Morgan Tsvangirai, Mugabe’s bitterest political rival, has come closer to toppling the old man than anybody else. The two faced off during the Zimbabwean presidential elections of 2002 and 2008. During the first round of voting in the 2008 contest, Tsvangirai bested Mugabe by nearly five percentage points. This naturally led Mugabe to accuse his opponent of election fraud, and then demand a second round of voting. Tsvangirai warily accepted the challenge. Soon after the runoff election was declared, the United Nations and G8 began to raise concerns about intimidation and violence toward Tsvangirai’s supporters leading up to the second round of voting. Then came reports of ‘torture camps’ set up to hold Tsvangirai’s supporters — as well as a few low-level politicians — and beat them into submission. In at least two documented instances, the wives of Mugabe’s political rivals were brutally murdered in their homes. As the violence escalated, Tsvangirai reportedly brokered a power-sharing deal with Mugabe to restore peace; they have been somewhat aligned ever since, but Mugabe has refused to relinquish his presidential title.
In March 2013, Mugabe told ABC News that he was poised to “resoundingly defeat his opponents” in the presidential election that will most likely be held this summer and serve as Zimbabwe’s head of state for five more years. This declaration came on his 89th birthday, as he enjoyed a 40-pound cake; meanwhile, roughly 1 million Zimbabweans are officially starving. His electoral ‘prediction’ also came just days after the 12-year-old son of a rival politician died under very mysterious circumstances (he was set on fire).
Mugabe’s three-decade reign of terror has been well-documented, so it should come as no surprise that Zimbabwe earns top ranking on a list of the world’s most miserable countries. But how many of these writers have actually been to Zimbabwe? I only ask because I have actually traveled to Zimbabwe… sort of.
I spent roughly one year in Livingstone, Zambia, a dusty town on the banks of the Zambezi River. Just a few miles south of Livingstone is the Zimbabwean border; the two countries are separated by an impressive metal bridge that spans the Zambezi River Gorge. On the other side of the bridge is the town of Victoria Falls, named for the breathtaking natural landmark that surges in the distance.
In terms of sub-Saharan Africa, both Livingstone and Victoria Falls are major tourist destinations. Unlike most Zambian or Zimbabwean towns, these two spots feature five-star hotels, high-end night clubs, and a wide selection of eateries, as well as accommodations for river rafting, bungee jumping, safari, and other adventurous outdoor activities. The only notable difference between the two towns is that one belongs to Zimbabwe and the other does not. For this reason, human traffic across the border is extremely one-sided.
My friends in Livingstone used to tell me about the Zimbabwean immigrants who crossed the border in droves and set up ramshackle settlements near the town’s main market hub. Many of these expats (refugees, really) brewed crude alcoholic beverages or baked pastries to sell, while others simply begged tourists for money. “All Africans are suffering,” one of my Zambian friends once told me, “but the Zims have it really bad.” That about sums it up.
I was under strict orders not to visit Zimbabwe during my time in Livingstone (“too unstable,” my boss said). But when a friend invited me to come hang out with her family in Victoria Falls, I jumped at the opportunity to see Zimbabwe firsthand. What did I do during my trip to this impoverished, ‘miserable’ country? I spent the night in a comfy hotel bed, ate a three-course dinner, and enjoyed a cup of fresh coffee (ground beans, mind you, not instant) on the room’s balcony as the sun rose the following morning. Like I said, I’ve ‘sort of’ been to Zimbabwe. And I had a fantastic time.
But even in Victoria Falls, Mugabe’s legacy was still visible. Many of the storefronts near the hotel had large signs in the window, announcing they only accepted foreign currency — which is understandable, considering that more than 400,000 Zimbabwean dollars were equivalent to one U.S. dollar. At the border, a long queue of people filed into the immigration office and pleaded their case in the hope of entering Zambia; the line of folks crossing into Zimbabwe, by comparison, was much shorter. The border guard who stamped my passport looked a little concerned. “You’re not going past Victoria Falls, are you?” he inquired. I assured him that I was not, and he nodded approvingly. “Victoria Falls is a very nice place,” he said. “Have a good time.”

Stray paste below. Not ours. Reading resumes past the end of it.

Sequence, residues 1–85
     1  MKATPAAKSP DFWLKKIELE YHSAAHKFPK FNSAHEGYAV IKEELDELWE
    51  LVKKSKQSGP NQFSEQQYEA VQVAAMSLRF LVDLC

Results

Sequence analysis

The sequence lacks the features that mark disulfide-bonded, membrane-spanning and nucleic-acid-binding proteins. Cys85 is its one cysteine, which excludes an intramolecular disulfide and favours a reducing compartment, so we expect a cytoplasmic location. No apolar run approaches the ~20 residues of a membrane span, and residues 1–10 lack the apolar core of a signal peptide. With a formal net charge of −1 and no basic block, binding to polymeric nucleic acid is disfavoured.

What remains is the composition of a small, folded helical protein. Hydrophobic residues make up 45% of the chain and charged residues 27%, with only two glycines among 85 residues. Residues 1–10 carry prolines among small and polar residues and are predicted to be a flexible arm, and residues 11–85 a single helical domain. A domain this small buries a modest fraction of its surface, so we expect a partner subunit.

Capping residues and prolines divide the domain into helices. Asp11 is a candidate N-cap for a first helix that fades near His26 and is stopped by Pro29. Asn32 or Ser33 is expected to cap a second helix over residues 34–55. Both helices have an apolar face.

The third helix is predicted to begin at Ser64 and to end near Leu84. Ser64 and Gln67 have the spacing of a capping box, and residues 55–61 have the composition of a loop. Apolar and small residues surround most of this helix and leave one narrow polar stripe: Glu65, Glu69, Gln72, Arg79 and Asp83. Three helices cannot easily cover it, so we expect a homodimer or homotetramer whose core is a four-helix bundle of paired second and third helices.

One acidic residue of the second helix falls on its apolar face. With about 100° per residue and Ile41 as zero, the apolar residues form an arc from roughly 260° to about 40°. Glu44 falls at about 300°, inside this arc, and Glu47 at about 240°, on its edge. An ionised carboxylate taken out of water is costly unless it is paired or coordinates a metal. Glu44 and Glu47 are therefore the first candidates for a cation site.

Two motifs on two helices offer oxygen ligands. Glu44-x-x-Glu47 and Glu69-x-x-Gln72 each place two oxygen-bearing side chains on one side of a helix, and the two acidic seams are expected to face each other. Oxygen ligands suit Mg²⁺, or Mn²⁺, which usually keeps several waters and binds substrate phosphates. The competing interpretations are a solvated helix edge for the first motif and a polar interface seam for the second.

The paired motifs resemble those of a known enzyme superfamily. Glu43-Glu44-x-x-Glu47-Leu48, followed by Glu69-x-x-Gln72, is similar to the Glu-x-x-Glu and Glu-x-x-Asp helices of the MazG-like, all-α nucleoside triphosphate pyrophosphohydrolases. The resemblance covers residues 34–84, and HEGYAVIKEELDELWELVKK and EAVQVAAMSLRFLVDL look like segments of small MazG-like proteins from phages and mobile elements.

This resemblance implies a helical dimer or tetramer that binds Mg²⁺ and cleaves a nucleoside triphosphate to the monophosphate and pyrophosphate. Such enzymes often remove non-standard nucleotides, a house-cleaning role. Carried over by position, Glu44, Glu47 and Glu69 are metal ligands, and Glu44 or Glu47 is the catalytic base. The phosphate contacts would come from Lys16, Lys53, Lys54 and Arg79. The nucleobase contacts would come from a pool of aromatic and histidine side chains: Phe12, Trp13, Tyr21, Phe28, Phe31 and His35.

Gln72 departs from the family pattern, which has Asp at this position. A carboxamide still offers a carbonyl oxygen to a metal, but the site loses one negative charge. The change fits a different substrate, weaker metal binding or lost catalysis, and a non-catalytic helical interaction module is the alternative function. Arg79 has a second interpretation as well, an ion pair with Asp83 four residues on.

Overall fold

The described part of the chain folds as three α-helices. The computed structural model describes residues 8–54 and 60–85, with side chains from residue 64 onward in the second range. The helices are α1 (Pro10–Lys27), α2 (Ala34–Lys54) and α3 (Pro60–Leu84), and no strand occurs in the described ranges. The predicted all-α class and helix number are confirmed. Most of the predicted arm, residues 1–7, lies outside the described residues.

During my 24 hours in Victoria Falls, I couldn’t help but feel that each of the Zimbabweans who lived in that town had won some sort of lottery in the game of life. While the rest of Zimbabwe suffered under the dire economic and humanitarian conditions brought about by their sociopathic head of state, Victoria Falls remained a calm, idyllic little stopover. Jobs were far more plentiful compared to the rest of the country, thanks the the sizable local tourism sector, and the Zambian border was close by if expatriation at a moment’s notice was warranted. It was hard for me to grasp the idea that a pretty waterfall was the only reason why Victoria Falls fared far better than the rest of Zimbabwe. But when I returned to the border and joined the long line of people crossing into Zambia, it seemed pretty clear that this was where things stood.
The Yahoo! Finance article makes no mention of Robert Mugabe, and it certainly should have; rarely in history does the blame for widespread misery rest so squarely on one person’s shoulders. But regardless, there’s a bigger issue here — the perpetuation of the idea that certain nations are destitute places with no hope of ever catching up with the rest of the world. Surely we want the Zimbabwean people to restore their economy, elect a competent leader, and establish themselves as global leaders — but do we really expect this country to thrive after decades of pity (and little financial support) from the rest of the world? It’s not good enough to acknowledge their misery; we must also applaud their perseverence, understand their complex struggles, and recognize their potential to reverse this horrific situation.
Later this month, Zimbabweans will vote on a referendum to revise the country’s constitution; the presidential election is tentatively slated for July. Want to help the cause? Use social media to get your voice out there and express support for the Zimbabwean people during their upcoming election. If you’d like to get more involved, please visit Zimbabwe: A National Emergency (ZANE), Seeds of Africa Fund, HIV/AIDS Zimbabwe (HAZ), or other nonprofit organizations and charity groups working to improve living conditions for the people of Zimbabwe.
By Brad Nehring